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Brain Integrates Natural, Artificial Vision to Treat Blindness

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Researchers from Bar-Ilan University and Stanford University have reported evidence indicating that the brain knows how to integrate natural and artificial vision while maintaining processing information important to vision. The research shows potential for treating macular degeneration.

An artificial retina, built from tiny electrodes smaller in width than a human hair, is able to electrically stimulate the remaining retinal cells and results in partial visual restoration.

“We used a unique projection system which stimulated either natural vision, artificial vision, or a combination of natural and artificial vision, while simultaneously recording the cortical responses in rodents implanted with a subretinal implant,” said Tamar Arens-Arad, who conducted the experiments as part of her doctoral studies.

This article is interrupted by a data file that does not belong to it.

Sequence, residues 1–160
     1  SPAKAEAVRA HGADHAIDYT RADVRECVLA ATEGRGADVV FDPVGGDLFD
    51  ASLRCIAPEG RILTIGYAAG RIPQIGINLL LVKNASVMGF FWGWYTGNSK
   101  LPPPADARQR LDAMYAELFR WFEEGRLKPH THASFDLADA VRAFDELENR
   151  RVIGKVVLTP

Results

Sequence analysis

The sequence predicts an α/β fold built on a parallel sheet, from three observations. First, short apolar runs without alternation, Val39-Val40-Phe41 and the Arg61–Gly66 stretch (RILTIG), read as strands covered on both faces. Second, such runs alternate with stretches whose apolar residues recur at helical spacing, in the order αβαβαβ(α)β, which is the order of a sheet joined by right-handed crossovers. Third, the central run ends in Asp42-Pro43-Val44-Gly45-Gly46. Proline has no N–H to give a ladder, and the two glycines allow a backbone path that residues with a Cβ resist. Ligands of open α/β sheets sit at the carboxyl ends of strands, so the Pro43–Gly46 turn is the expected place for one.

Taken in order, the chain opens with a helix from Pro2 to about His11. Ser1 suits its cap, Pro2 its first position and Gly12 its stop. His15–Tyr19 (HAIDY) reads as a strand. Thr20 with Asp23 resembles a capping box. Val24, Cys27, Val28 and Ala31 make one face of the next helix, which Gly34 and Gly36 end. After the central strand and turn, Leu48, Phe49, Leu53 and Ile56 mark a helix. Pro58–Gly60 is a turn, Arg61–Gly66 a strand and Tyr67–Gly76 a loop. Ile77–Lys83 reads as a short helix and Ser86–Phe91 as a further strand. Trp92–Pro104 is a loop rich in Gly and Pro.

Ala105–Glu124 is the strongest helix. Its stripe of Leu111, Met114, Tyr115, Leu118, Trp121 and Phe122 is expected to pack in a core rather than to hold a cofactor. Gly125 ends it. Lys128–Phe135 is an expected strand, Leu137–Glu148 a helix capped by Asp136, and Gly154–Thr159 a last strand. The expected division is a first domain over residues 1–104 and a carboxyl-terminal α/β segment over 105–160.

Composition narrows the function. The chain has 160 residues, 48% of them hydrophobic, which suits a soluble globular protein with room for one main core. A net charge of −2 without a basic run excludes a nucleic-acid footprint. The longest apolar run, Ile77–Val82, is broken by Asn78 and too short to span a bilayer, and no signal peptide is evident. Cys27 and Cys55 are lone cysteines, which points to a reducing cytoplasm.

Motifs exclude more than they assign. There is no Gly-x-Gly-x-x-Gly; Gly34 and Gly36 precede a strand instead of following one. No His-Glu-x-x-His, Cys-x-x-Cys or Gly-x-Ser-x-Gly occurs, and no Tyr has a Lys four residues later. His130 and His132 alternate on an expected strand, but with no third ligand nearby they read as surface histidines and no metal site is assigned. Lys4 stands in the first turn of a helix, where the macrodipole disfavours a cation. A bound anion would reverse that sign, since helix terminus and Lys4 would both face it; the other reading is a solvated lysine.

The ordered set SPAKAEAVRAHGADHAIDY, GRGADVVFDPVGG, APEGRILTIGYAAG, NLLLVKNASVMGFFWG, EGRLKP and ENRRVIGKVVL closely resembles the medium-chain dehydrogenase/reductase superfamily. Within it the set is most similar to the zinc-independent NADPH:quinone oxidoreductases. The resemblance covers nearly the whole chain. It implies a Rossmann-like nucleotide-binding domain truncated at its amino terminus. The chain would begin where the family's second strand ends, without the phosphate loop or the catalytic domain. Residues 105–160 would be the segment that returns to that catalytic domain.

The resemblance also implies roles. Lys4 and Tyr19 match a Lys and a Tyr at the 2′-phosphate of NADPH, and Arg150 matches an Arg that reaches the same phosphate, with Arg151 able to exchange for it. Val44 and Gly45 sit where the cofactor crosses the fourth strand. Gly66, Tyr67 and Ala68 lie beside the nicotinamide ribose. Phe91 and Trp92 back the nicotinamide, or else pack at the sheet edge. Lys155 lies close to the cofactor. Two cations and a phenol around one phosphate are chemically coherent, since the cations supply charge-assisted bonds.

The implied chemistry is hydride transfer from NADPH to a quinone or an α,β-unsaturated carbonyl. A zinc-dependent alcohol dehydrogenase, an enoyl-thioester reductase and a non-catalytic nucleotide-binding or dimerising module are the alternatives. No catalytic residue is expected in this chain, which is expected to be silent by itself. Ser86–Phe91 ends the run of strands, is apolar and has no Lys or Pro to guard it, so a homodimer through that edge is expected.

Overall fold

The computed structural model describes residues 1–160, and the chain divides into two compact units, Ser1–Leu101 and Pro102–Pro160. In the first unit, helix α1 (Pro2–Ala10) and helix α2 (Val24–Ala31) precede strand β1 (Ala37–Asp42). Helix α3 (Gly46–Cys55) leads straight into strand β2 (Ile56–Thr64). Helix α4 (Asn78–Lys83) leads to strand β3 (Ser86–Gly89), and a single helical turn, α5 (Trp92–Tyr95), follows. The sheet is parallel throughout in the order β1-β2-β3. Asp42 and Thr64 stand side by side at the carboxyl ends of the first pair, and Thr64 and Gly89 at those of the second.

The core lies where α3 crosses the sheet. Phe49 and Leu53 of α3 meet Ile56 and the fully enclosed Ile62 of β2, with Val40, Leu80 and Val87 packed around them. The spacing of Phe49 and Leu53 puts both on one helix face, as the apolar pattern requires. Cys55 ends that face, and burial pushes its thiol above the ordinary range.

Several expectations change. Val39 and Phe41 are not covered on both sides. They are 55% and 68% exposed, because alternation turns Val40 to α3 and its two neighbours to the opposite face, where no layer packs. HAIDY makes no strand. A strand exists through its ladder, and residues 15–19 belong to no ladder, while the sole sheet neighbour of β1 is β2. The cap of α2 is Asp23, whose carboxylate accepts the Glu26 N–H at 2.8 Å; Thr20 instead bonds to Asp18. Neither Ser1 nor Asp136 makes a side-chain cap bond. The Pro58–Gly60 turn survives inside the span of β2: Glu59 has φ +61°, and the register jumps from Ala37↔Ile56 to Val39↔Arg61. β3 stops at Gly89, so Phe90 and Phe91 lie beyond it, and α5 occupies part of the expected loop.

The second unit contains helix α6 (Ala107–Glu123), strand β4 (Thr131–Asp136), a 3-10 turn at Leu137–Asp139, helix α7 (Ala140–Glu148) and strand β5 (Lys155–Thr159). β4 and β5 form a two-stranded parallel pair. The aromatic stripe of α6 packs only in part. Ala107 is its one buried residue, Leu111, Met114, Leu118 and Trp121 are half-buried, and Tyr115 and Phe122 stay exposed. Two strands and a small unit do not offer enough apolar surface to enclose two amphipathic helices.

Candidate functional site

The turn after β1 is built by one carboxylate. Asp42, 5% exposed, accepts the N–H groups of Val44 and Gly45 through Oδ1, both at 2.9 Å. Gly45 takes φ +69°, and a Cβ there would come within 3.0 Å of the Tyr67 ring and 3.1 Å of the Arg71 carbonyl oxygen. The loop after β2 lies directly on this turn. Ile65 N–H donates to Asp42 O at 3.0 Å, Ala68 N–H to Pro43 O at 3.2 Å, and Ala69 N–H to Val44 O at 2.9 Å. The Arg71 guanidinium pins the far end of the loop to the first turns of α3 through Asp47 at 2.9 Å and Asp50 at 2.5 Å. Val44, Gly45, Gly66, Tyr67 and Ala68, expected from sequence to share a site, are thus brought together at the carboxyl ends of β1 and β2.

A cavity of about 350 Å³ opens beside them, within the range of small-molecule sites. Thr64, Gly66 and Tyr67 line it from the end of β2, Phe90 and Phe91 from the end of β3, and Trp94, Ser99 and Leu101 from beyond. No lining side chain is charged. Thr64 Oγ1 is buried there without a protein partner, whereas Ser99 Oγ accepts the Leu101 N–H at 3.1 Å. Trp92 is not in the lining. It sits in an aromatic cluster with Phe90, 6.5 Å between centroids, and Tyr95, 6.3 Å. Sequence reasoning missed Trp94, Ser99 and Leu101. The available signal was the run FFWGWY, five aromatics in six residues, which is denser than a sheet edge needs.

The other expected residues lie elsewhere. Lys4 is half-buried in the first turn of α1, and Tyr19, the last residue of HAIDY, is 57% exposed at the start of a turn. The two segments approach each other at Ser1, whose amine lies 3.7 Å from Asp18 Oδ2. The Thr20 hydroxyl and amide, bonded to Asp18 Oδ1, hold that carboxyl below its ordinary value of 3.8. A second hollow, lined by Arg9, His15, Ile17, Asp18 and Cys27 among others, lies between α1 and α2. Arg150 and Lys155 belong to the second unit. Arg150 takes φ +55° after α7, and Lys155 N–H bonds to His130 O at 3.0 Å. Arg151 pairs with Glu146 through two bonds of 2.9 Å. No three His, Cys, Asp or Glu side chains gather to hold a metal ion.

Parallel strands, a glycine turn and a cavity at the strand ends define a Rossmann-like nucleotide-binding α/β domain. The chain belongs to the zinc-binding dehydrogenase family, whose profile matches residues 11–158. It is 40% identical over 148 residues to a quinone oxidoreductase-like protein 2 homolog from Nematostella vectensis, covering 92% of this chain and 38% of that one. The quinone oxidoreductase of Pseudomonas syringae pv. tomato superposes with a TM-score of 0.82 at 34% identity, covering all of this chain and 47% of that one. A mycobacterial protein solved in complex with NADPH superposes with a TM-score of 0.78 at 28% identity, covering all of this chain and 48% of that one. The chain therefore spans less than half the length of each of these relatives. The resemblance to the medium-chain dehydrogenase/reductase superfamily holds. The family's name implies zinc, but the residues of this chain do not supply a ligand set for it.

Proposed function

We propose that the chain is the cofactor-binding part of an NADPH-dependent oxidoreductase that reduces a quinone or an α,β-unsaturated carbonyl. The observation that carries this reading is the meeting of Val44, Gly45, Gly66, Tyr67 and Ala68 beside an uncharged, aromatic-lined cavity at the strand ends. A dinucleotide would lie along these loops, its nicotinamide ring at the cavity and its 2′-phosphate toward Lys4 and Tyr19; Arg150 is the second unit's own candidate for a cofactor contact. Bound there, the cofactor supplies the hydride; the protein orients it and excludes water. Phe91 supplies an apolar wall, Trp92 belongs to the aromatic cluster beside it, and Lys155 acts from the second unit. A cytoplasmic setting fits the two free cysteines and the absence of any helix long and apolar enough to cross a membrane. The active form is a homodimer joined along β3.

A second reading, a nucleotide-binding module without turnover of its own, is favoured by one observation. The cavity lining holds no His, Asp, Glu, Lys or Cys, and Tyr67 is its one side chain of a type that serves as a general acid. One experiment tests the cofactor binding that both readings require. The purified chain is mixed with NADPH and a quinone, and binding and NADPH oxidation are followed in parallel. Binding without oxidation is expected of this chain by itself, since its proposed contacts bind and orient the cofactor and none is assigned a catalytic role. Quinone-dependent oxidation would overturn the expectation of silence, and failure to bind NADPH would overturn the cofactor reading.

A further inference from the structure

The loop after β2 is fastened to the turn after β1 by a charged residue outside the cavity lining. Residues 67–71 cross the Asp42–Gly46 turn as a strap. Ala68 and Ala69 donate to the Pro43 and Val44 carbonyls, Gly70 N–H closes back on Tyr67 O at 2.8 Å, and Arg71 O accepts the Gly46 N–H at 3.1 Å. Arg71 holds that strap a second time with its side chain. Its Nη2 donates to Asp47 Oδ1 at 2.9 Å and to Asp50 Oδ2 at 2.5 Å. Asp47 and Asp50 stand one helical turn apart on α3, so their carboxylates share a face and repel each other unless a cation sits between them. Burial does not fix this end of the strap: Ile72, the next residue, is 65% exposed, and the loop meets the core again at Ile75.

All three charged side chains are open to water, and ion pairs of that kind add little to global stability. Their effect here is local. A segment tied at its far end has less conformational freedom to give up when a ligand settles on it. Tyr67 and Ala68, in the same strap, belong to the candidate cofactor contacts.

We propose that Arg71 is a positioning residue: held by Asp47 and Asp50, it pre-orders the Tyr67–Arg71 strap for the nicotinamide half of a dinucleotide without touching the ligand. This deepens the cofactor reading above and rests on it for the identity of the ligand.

The implant is composed of dozens of tiny solar cells and electrodes, developed by professor Daniel Palanker at Stanford University. Patients treated with the implant possess a combination of artificial central vision and normal peripheral vision. The study of the combination of artificial and natural vision may provide a better understanding of how to treat blindness.

“These pioneering results have implications for better restoration of sight in AMD patients implanted with retinal prosthetic devices and support our hypothesis that prosthetic and natural vision can be integrated in the brain. The results could also have implications for future brain-machine interface applications where artificial and natural processes co-exist,” said professor Yossi Mandel, head of Bar-Ilan University’s Ophthalmic Science and Engineering Lab and the study’s lead author.

The research was published in Current Biology (www.doi.org/10.1016/j.cub.2019.11.028).

BioPhotonics
Mar/Apr 2020
Research & TechnologyBiophotonicsBar-Ilan UniversityStanfordretinal implantartificial visionBioScan

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